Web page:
Friday, October 30, 2009
Housing Authority shorts, Oct. 22
• Benfield Farms. How will the planned Benfield Farms affordable housing be affected if Carlisle adopts the energy-efficiency building requirements known as the “stretch code”? With the comprehensive permit application expected to be filed by the developer the next morning, the Housing Authority on Thursday, October 22, discussed this and other issues relating to energy use in the proposed housing project. It was said that the firm planning to develop and manage the facility, NOAH, “is concerned” about the stretch code. Construction costs are expected to increase, but it was not known by how much, beyond the cost of the additional paperwork and materials auditing. The Housing Authority has not required the project meet specific energy-efficiency guidelines. However, they have stated that “green” building techniques are desirable and NOAH has personnel certified in using LEED building guidelines.
Barnett said that both the stretch code and LEED aim to increase energy efficiency, but “they come at it in different ways.” The stretch code focuses on largely mechanical and electrical specifications, while LEED guidelines are “all encompassing” and take into consideration additional factors such as the origin and recycled content of building materials, indoor chemical pollution and drought-resistant landscaping. Housing Authority member Susan Stamps said that Energy Star construction standards provide a third approach.
If the stretch code would create a large added expense for the Benfield project, Housing Authority members considered asking the town to delay its implementation, or to adopt the stretch code only for smaller projects. They agreed to ask NOAH to meet with Carlisle’s Energy Task Force to better understand how the stretch code would affect Benfield Farms.
Gas heat is preferred for energy efficiency and cost, but the gas line on South Street ends 1,600 feet away from the Benfield Farms development. If the utility cannot be extended, fuel oil will be used. Because cooking ranges will be electric, a higher electric service will be needed. NOAH is looking into electric service setup costs and whether any fees might be waived since the project is on town-owned land. (See also “Benfield Farms 40B application filed with ZBA,” page 1)
• Supportive housing. This week Barnett will attend a conference on supportive housing options organized by the Citizens’ Housing and Planning Association (CHAPA). According to Barnett, the field of supportive housing is evolving as more senior residential developments provide services such as meals, housekeeping or nursing visits that will help seniors live independently as long as possible.
• New member applicant. Carolyn Ing of Westford Street attended the meeting and expressed interest in filling the vacancy for the single appointed position on the Housing Authority. The group thanked her and agreed to send a letter in support to Governor Deval Patrick who must make the appointment.
• Highland. Town Administrative Coordinator Elizabeth Barnett suggested that affordable housing might be a possible use of the Highland Building. An elevator would not be necessary if the building were renovated to provide two units of affordable family housing, unless a tenant moved in who is, or becomes disabled. (See related article, page 9.)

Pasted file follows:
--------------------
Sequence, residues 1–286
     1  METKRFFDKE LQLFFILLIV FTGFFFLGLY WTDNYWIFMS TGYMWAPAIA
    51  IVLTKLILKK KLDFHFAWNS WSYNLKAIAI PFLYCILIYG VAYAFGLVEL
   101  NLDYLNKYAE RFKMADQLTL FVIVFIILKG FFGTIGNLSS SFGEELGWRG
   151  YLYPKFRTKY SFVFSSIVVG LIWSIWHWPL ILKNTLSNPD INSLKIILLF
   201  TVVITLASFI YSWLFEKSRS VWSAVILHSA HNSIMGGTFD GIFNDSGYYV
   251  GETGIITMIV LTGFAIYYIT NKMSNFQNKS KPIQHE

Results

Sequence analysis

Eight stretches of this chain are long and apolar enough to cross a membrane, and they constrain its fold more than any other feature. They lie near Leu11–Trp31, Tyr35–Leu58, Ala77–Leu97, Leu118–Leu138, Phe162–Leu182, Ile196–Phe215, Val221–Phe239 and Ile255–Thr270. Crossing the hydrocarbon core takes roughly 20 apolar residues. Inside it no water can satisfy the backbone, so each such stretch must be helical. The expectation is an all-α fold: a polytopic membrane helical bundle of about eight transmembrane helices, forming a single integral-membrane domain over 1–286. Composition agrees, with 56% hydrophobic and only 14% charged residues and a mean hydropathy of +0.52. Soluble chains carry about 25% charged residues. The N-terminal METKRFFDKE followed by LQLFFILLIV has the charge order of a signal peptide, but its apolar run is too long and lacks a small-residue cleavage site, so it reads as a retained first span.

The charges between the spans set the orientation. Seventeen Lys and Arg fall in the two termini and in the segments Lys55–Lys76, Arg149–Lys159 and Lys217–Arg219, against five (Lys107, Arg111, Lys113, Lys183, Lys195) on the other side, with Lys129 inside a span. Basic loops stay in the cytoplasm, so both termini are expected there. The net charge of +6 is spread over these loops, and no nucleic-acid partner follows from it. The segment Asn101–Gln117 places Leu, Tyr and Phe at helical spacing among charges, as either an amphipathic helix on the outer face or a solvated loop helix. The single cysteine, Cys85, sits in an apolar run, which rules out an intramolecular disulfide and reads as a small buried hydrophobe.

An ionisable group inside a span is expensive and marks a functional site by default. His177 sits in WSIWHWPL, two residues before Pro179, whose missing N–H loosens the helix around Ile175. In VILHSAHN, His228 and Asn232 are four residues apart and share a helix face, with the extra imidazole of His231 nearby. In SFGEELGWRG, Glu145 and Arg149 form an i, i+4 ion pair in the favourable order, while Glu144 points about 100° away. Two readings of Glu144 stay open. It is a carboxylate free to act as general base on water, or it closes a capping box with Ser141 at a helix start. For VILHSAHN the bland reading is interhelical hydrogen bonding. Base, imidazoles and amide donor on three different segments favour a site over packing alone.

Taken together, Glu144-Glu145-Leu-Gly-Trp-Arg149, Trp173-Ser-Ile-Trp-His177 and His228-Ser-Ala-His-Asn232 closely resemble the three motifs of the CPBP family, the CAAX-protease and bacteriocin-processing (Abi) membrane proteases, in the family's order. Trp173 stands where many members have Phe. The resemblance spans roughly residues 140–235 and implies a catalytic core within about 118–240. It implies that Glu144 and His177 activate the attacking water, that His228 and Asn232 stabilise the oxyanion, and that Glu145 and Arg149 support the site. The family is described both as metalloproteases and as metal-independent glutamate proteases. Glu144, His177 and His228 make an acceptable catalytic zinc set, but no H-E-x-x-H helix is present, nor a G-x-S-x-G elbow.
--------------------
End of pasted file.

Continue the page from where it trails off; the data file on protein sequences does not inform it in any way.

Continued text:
• Affordable Accessory Apartments (AAA). While Town Meeting approved the AAA program to help meet the 10% affordable housing goal, the town is still finalizing paperwork that meets state requirements. Homeowners who register their accessory apartments and rent to qualifying tenants will be eligible for up to $15,000 in incentive payments from the town.
Barnett provided a sample of an apartment lease that has been accepted elsewhere by the state Department of Housing and Community Development (DHCD). She said the seven-page document is “pretty thorough” and includes fair housing non-descrimination terminology. Lehotsky thought there might be clauses which a prospective landlord would find objectionable. However member Steve Perlman said that homeowners would be free to cross out terms they do not like. The Housing Authority voted to adopt the document as the “recommended lease” for the AAA program.
For each AAA unit, the state is requiring an agreement signed by three parties: the homeowner, the town and DHCD. Barnett said that a new draft has been written, incorporating changes suggested by Greg Peterson, a member of Carlisle’s Affordable Housing Trust, which will issue the homeowner incentive grants. Once the Housing Authority approves the new draft, it will be sent to Town Counsel and the trust for approval.
How will banks react to mortgage requirements under the AAA deed restrictions? To find out, Barnett has contacted three area banks: Middlesex Savings, Cambridge Savings and Wells Fargo. Initial reaction was favorable and final word is expected shortly.
It is anticipated that Chelmsford’s Housing Authority will be contracted to help administer the AAA program. Experienced in fair housing requirements, they would monitor tenants’ eligibility and maintain a list of prospective renters. However, Barnett said the Housing Trust will need additional arrangements for administering the homeowner incentive grants. ∆
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